In the Memoirs of Sherlock Holmes, published in 1892 by Sir Arthur Conan Doyle, there is a short story entitled “Silver Blaze” about the disappearance of a race horse. Holmes notices that none of the witnesses mention a dog barking in the night and deduces that the family dog never barked. Reasoning that the dog had recognized the perpetrator, the shrewd detective concentrated on suspects familiar to the residents of the estate, and in the process solved the case. As we contemplate disruption in health care, there is a lesson to be learned from the 19th century mystery yarn: Listen for what you don’t hear.
We tend to think of disruption as an outside-in phenomenon. Something happens externally — an invention, a new competitor, a demographic shift — that interrupts business as usual. We’re slower to recognize our own contributions to an unsustainable status quo. The traditional business model for any large medical center or health system involves significant subsidization of government sector patients by patients covered by private insurance. That reality is nothing new. It has been evolving since the advent of Medicare and Medicaid. Providers have grown accustomed to it; some would even say they have become comfortable with it. It is increasingly common to explain high private sector prices by pointing to the public sector, where payments fall short of covering provider costs.
There is a risk in relying on higher and higher operating margins associated with only 5% to 10% of private sector patients to offset shortfalls in the public sector. In the course of acclimating to the subsidies, providers have become vulnerable. High prices, and the margins associated with relatively undifferentiated services, are drawing unflattering attention. Patients and their families are often stunned when they see charges for even routine services. Insurers are beginning to exclude hospital-based ambulatory facilities from eligibility to deliver services that the payers deem to be over-priced.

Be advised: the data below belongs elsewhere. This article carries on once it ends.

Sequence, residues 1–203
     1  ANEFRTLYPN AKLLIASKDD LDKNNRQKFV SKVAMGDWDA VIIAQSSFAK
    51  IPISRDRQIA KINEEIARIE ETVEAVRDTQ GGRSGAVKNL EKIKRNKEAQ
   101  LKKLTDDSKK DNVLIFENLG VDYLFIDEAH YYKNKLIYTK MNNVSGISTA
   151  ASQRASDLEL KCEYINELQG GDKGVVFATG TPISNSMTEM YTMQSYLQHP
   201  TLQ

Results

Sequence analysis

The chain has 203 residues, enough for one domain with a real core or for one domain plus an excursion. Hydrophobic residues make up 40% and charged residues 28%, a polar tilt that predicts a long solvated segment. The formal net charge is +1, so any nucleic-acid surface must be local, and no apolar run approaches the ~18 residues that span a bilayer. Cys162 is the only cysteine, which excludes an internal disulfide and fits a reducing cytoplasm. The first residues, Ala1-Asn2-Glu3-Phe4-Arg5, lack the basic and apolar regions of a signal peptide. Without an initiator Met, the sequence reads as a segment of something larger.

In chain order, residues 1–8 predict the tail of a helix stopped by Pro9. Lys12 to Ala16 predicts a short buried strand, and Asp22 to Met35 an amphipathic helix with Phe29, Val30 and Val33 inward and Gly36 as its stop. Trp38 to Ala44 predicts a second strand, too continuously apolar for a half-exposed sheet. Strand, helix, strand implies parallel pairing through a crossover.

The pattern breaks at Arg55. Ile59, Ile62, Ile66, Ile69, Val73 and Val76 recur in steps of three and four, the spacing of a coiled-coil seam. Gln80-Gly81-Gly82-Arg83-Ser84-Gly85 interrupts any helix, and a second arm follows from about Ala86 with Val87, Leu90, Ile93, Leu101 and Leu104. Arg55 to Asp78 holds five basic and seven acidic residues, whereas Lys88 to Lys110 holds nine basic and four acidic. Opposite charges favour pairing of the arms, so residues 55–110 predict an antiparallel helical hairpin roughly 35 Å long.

When confronted by patients, payers, or policy makers about prices, providers are often tempted to point toward insurers or pharmaceutical companies, each of whose profit margins dwarf those of health systems. To do so, however, is to miss an important point. Privately insured patients have begun to approach their elastic limit with respect to what they can be expected to pay. Interviews with chronically ill patients and their families indicate that their relationships with providers have been undermined by financial considerations. It may not be tomorrow, it may not be for several more election cycles, but it won’t be forever before price controls emerge. They don’t have to come in the form of a national single payer system; they may be part of state by state initiatives that limit the rate of growth in health care spending to something approaching the rate of growth in the rest of the economy. They may appear as part of a public utility model of health care finance.
When disruption comes, the provider community will have had a hand in it. Like Sir Arthur Conan Doyle’s story, there may not be any barking heard in the night. Because it was not the entry by a stranger that precipitated change ... it was us.
About the author and the Vizient Research Institute. As executive director of the Vizient Research Institute, Tom Robertson and his team have conducted strategic research on clinical enterprise challenges for 20 years. The groundbreaking work at the Vizient Research Institute drives exceptional member value using a systematic, integrated approach. The investigations quickly uncover practical, tested results that lead to measurable improvement in clinical and economic performance.